The director of the US National Institutes of Health (NIH), Elias Zerhouni, has said that he supports the removal of the current restrictions on federal funding for human embryonic stem cell (ES cell) research imposed by President Bush in 2001. 'From my standpoint, it is clear today that American science will be better-served, and the nation will be better-served, if we let our scientists have access to more stem cell lines', he said during a Senate hearing concerning NIH funding. Although Zerhouni is believed to be a tacit supporter of ES cell research, the directness of the comment came as a surprise break with Bush administration policy. The White House spokesman, Tony Fratto, responded saying that President Bush's position remains unchanged and while that Zerhouni is entitled to his opinion, his role as an advocate of science is of a different nature from the President's job to 'balance the moral and scientific considerations of this nation'.
Such high level support of ES cell research comes as stem cell policy is once again under consideration by US lawmakers. The Stem Cell Research Enhancement Act, which proposes to remove the current federal restrictions on ES cell research, is yet to be heard in the Senate after being passed by the House of Representatives last January. The White House has already indicated that President Bush is likely to veto the legislation if passed, since Bush has previously vetoed almost identical legislation. Commentators suggest Zerhouni's comment may now begin to stir debate within the Bush administration. 'I think it will certainly mobilize opinion up on [Capitol] Hill,' said Jerome Zack, a stem cell researcher from the University of California.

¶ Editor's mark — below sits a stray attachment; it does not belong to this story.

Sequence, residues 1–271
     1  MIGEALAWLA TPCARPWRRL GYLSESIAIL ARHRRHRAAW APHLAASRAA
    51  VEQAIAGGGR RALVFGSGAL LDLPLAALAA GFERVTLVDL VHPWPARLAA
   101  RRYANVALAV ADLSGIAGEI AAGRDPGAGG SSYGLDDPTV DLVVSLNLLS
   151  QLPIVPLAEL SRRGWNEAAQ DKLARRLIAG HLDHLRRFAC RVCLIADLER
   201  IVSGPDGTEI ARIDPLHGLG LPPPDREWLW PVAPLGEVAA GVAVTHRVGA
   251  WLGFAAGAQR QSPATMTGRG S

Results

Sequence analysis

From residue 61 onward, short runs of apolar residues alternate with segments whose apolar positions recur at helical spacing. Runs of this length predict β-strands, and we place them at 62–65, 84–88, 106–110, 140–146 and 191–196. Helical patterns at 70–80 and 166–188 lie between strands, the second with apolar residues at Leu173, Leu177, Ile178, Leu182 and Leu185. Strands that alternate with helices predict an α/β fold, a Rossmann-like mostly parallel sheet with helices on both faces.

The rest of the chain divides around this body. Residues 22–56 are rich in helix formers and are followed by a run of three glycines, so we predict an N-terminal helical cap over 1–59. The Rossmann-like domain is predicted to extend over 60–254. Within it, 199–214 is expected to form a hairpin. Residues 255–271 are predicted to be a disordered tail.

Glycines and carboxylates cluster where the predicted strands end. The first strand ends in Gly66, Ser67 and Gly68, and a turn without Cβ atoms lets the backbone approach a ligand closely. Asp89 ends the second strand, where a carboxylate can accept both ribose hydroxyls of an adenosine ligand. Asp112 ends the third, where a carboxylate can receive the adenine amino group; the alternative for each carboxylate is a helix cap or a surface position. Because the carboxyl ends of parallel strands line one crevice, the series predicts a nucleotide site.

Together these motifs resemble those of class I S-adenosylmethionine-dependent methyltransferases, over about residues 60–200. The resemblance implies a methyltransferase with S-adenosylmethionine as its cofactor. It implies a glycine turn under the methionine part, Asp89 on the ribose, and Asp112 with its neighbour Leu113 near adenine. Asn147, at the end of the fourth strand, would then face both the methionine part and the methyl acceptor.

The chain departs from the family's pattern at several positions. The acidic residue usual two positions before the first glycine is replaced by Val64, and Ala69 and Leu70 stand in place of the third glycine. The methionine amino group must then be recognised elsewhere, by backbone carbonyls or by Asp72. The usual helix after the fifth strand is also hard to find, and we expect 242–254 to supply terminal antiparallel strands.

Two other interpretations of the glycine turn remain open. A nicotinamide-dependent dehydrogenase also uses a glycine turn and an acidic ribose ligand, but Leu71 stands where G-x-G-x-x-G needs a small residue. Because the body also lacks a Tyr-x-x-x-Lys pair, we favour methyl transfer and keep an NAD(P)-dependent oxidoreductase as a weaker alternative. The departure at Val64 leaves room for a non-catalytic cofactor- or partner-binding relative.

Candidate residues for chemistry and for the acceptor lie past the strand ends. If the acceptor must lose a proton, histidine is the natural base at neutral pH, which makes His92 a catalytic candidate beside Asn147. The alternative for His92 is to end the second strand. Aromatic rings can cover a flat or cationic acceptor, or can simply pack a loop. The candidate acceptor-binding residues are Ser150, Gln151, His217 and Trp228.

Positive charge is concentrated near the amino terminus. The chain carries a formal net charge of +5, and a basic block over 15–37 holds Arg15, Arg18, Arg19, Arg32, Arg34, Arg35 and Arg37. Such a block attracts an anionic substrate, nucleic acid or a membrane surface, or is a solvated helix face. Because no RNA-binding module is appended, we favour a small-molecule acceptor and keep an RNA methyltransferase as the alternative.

Members of the scientific community welcomed Zerhouni's comments. Robert Lanza, director of Advanced Cell Technology, said: 'Bravo, I think that's very courageous of him. He's right on in what stem cell researchers have been saying for years and years. The field has been crippled by lack of quality stem cell lines'. There is much debate in the US and elsewhere, between those against the destruction of human embryos - who claim that adult stem cells have great potential for cures, and research on embryos is unnecessary - and supporters of ES cell research, who claim that the unique totipotent nature of ES cells and their greater ability to be scaled up for clinical application make them an invaluable source for research. Zerhouni was also asked for his opinion on this debate. He replied that pro-adult stem cell views do not 'hold scientific water too well' and that 'all angles of stem cell research should be pursued'. It is 'in the best interest of our scientists, our science, our country that we find ways - that the nation finds a way to allow the science to go full speed on both adult and embryonic stem cell research,' he said.